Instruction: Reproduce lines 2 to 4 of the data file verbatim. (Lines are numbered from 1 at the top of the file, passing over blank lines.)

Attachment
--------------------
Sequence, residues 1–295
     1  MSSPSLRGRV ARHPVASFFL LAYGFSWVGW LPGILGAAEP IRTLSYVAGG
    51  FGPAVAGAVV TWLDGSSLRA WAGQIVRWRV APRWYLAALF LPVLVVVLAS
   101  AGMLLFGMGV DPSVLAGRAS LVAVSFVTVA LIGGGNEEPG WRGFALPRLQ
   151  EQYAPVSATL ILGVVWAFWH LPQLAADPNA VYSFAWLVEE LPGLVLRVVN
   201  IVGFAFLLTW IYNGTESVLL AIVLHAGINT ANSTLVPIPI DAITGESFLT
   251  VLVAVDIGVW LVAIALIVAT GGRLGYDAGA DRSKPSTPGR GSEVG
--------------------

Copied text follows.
     1  MSSPSLRGRV ARHPVASFFL LAYGFSWVGW LPGILGAAEP IRTLSYVAGG
    51  FGPAVAGAVV TWLDGSSLRA WAGQIVRWRV APRWYLAALF LPVLVVVLAS
   101  AGMLLFGMGV DPSVLAGRAS LVAVSFVTVA LIGGGNEEPG WRGFALPRLQ